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Should you gamify IT support?

Last month I was part of a panel charged with discussing trends that were likely to impact IT service management in the next few years. The usual suspects of Cloud, BYOD and customer-centricity were popular topics but we ran out of time before we could properly discuss something I was keen to explore – gamification.

I don’t know if gamification will, or should, become a trend or remain a blip, but if you’d like to learn a bit about what’s happening in the space of IT gamification, read on and I’ll leave you to draw your own conclusions.

What is this gamification thing?

Gamification (pronounced game-ification, not gamm-ification as my fellow panellist insisted on calling it) has nothing to do with legs or whales (Google “define gam”) but refers to the act of adding gaming elements to a non-gaming activity.

The goal of gamification in an IT support context is to improve staff productivity, make customer support more fun and reduce burnout and turnover.

Gamification is being realised via customer support software that awards points to staff for first level resolutions, quick resolutions, satisfying customers and writing knowledge articles – basically, any behaviour that you want to promote. The accumulation of these points enables analysts to earn badges (e.g. “Customer Superstar” or “Fastest Troubleshooter in the West”) and  compete against each other in leaderboards like this one:

Example of a leaderboard from the UserVoice customer support software

If you’re interested in how points are earnt, have a quick look at the way gamification is implemented in Freshdesk, one of a group of newer/funkier (but limited) customer support tools: Freshdesk – Four Reasons to Gamify your Help Desk/

You can see gamification trending by the growth in Google searches for the term (trending steeply up since 2010) and by the increasing amount of software that includes or enables gamification.

In addition to Freshdesk, there’s UserVoice and PlayVox, as well as tools that help integrate gaming elements into other software, such as Badgeville and Bunchball Nitro. And the use of gamified-tools doesn’t seem to be confined to the realms of the three-person web start-up. For example, Deloitte have successfully built gaming mechanics into an executive training portal used by thousands of executives worldwide (HBR How Deloitte Made Learning a Game).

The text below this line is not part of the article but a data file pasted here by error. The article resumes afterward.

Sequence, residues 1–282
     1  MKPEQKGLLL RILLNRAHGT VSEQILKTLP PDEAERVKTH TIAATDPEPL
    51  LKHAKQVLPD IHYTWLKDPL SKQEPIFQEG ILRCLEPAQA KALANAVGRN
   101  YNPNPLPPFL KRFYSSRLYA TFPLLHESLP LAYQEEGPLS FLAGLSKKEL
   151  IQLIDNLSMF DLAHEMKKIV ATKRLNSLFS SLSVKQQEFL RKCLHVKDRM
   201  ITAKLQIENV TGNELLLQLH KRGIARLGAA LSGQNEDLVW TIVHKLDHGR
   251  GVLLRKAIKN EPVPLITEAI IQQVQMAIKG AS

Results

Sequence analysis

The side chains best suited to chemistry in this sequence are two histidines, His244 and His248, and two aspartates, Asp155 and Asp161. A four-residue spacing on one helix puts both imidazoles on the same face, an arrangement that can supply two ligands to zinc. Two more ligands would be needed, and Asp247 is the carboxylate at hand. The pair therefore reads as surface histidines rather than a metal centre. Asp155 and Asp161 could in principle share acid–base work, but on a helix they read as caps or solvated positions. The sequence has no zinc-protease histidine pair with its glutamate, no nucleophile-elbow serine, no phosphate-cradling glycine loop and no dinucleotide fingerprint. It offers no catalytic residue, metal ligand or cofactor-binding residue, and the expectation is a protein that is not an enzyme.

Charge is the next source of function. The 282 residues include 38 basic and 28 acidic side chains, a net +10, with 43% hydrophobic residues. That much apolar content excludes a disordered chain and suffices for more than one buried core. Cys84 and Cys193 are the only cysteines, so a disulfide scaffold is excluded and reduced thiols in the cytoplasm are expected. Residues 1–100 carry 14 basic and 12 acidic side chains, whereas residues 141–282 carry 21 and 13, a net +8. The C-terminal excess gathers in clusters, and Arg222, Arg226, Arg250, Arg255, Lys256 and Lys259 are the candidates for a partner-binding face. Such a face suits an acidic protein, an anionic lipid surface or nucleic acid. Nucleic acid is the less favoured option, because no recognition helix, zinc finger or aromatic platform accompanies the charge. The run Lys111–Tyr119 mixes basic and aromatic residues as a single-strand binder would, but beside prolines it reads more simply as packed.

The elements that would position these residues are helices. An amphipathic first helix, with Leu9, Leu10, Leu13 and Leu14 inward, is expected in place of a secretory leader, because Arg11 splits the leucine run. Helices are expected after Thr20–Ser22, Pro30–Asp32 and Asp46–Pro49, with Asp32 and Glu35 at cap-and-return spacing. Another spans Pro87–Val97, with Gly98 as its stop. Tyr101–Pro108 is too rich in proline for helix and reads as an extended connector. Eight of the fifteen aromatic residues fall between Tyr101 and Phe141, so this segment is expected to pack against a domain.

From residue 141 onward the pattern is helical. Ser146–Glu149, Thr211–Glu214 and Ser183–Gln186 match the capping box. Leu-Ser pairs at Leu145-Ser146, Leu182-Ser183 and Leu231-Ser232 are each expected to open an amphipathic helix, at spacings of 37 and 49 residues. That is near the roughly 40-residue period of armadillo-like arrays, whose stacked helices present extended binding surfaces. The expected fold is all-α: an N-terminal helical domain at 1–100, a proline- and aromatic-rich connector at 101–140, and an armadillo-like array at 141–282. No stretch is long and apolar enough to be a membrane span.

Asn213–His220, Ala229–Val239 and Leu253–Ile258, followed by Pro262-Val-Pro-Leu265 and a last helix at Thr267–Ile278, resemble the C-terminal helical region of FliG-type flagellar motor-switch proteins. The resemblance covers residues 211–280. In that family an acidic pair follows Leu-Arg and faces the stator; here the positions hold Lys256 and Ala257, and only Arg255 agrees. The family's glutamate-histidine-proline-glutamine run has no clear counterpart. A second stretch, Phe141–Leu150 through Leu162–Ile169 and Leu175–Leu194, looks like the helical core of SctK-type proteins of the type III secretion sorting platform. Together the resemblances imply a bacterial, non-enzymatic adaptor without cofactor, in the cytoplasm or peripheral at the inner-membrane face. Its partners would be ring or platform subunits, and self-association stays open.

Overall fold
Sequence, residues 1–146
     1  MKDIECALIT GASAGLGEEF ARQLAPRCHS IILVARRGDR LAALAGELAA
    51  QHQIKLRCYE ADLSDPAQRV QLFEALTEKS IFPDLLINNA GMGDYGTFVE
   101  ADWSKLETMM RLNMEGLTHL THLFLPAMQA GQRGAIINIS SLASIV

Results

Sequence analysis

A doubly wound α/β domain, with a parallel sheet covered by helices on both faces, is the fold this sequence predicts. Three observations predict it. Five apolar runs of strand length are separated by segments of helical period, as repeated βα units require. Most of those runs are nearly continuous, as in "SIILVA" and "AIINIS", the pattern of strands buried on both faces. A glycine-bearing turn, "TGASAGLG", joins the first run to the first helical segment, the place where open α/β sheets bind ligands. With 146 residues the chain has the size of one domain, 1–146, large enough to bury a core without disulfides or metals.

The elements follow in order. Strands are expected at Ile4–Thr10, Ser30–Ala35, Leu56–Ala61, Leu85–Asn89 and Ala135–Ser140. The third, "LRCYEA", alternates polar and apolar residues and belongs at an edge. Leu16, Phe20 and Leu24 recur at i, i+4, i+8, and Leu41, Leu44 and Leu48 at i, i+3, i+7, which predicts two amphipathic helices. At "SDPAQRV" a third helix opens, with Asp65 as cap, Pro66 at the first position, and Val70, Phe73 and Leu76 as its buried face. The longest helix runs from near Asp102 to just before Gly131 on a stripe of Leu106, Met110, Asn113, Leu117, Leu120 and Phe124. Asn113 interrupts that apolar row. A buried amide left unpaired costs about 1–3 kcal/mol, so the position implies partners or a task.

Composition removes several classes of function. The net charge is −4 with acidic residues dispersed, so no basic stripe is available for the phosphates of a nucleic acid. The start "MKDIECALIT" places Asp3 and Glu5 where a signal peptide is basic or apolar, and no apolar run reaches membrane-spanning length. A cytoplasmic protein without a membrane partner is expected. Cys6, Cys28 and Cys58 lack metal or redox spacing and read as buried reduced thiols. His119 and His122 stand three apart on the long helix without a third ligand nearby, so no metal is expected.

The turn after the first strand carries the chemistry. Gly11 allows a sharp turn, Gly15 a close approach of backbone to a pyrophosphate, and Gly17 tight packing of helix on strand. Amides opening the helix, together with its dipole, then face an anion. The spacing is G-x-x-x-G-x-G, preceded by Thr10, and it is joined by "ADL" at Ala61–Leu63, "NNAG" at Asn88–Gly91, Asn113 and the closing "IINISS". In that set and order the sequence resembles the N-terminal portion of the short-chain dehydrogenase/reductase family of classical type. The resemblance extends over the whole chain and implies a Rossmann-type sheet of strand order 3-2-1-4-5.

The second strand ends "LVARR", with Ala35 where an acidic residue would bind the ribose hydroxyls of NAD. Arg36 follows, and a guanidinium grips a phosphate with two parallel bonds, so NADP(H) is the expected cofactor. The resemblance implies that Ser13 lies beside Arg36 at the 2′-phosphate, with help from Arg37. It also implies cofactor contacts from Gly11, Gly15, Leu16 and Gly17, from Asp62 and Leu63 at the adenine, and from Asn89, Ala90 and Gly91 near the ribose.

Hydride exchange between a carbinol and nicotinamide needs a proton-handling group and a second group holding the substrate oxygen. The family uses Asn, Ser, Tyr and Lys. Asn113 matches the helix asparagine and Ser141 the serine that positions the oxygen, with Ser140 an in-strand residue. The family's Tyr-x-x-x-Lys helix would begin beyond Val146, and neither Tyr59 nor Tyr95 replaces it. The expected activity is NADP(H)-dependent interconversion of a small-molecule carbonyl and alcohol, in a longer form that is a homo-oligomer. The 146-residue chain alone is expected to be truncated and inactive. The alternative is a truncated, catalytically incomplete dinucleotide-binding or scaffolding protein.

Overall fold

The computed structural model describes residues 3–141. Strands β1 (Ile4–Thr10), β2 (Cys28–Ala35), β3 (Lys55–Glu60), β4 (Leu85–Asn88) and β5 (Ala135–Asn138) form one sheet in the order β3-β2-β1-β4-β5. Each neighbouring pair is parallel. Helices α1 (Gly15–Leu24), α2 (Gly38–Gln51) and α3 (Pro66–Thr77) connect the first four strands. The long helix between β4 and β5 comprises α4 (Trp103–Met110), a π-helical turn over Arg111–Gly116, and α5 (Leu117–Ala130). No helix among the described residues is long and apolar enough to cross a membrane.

But the jury is still out on the gamification front…

One of my favourite books of recent times is ‘Drive’ by Dan Pink. If you have staff reporting to you and you haven’t read it, you really should. At the very least, watch this 10 minute summary on YouTube: Drive: The surprising truth about what motivates us.

‘Drive’ is all about what motivates people and describes compelling research that shows that traditional incentives used by businesses to reward employees (e.g. bonuses) are not only ineffective but potentially detrimental. And their conclusion was that the most powerful motivators for employees are intrinsic in nature – the joy of the task itself (e.g. the love of providing great customer service) – not extrinsic, like money. Or points. Or badges.

Another reason that the jury is still out on gamification, is that there’s a danger of it being a wolf in sheep’s clothing. It may be implemented under the guise of making work more rewarding for support staff, but with the real (and possibly transparent) goal of converting individual performance into a simple points system to be used by HR for ‘performance management’ purposes.

For example, Groupon have said this about their use of PlayVox, “PlayVox lets us detect and make a quick diagnosis of underperforming agents or those who ignore certain important procedures in serving our customers”. And I suspect that if an organisation’s primary driver for gamifying IT support is not the same as Groupon’s, they’d still have their work cut out in convincing employees of their true goals.

Now if I was a senior Gartner or Forrester analyst I could make the gamification of IT become a trend just by writing about it, but as the MD of a boutique consultancy I have no such power. So I’ll leave it to you to determine whether gamification is good or evil and seal its fate by electing to embrace it or shun it.

What do you think?

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